All right, I know discussing audio cables is probably a boring subject, but it is a very important subject. If you bear with me, I will try to explain why. First of all, none of the sound being created in the studio would ever make it to the control room and eventually on to your latest CD without cables . . . unless you were using wireless microphones. Very few recording studios use wireless mikes. Many are very temperamental and those that are not tend to be very expensive. So the vast majority of studios use cables.
Like many things in life, cables come in consumer and professional versions. To simplify things, this can be boiled down to balanced and unbalanced cables. Without getting too technical, both types of cables have a shield—a wire mesh that surrounds the conducting wires inside. The shield protects the signal in the conductors from stray radiation from such things as power lines, radio stations, flourescent lighting, and so forth.
With unbalanced cables (which are the consumer version for the most part) only one wire is inside the shield and the shield itself is used as the second conductor. With balanced lines (line is another term for a cable), both conductors are inside the shield. That means the shielding is much more effective and longer lengths of cable runs can be used without picking up stray noise.
Balanced cables typically use an XLR connector (see picture at top of page), the type, as most musicians are familiar with, that are used to connect to the microphone. Sometimes balanced cables use the 1/4-inch TRS connector (see illustration above right). This is the familiar plug used with stereo headphones. However, just to throw in some confusion, the same cable with TRS connectors that is considered to be balanced in a studio application is actually unbalanced with stereo headphones. That is because a stereo cable has three conductors—one each for the left and right channels and a ground that uses the shield. Because the shield is being used as a conductor, it is now unbalanced.
The unbalanced cable musicians are most familiar with is probably the one using a TS connector (sometimes called a phone plug) and commonly used to connect a guitar to an amplifier. That is why you frequently have hum with a guitar—and the fact that most guitar amps use vacuum tubes which are inherently noisy. (More likely the latter than the former.)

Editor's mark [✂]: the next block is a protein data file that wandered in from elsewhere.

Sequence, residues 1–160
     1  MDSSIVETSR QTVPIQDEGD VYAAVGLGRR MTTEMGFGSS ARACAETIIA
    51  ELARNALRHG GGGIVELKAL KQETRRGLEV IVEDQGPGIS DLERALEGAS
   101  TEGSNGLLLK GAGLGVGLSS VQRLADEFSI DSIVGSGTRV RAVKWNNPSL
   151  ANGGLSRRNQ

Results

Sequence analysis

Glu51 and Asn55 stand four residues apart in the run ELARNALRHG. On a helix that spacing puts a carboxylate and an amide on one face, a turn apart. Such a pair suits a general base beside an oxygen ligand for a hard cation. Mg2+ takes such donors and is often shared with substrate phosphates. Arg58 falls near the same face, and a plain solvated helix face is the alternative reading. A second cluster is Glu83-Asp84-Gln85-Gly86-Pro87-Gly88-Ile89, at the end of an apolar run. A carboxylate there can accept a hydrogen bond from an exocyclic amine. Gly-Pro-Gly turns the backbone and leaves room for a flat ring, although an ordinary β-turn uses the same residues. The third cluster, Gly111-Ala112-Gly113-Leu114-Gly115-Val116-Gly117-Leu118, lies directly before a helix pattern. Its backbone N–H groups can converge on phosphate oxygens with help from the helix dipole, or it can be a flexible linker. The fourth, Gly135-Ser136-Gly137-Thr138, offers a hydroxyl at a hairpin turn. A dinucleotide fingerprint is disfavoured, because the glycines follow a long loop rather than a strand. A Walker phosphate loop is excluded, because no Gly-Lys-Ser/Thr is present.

A smaller version of the stereo connector, often used with headphones attached to smart phones, MP3 players, and tablets, is called a miniature plug or miniplug. Sometimes it is incorrectly called an 1/8-inch plug to distinguish it from the 1/4-inch TRS plug. You will also often find the phono plug and jack used with consumer electronics, but seldom with professional recording equipment.
The banana plug is used for many applications, but in audio it is most often used to connect an amp and speakers for live applications. The main use for the BNC connector in the studio is for connecting timing cables between digital devices. Speaking of digital signals, in the studio these are usually transmitted using either ADAT, AES3, or S/PDIF (the last one was actually developed for the consumer market). TOSLINK is the digital protocol used for consumer devices and is the one used with optical cables, for example, between the DVD player and your TV set.
Most studios today use some sort of digital interface to input the music into a computer. Typically this is connected via a USB cable with a Windows system or a FireWire cable if using an Apple platform, but sometimes vice versa, and new standards are on the way. As with many things digital, today's way of doing things will change tomorrow.
TIP: Come into the studio prepared and ready to work, well-rested and clear-headed.
Recording is a physically and mentally demanding process. You won't perform your best if you're not up to the challenge. So avoid that party the night before. You can always have fun next weekend.
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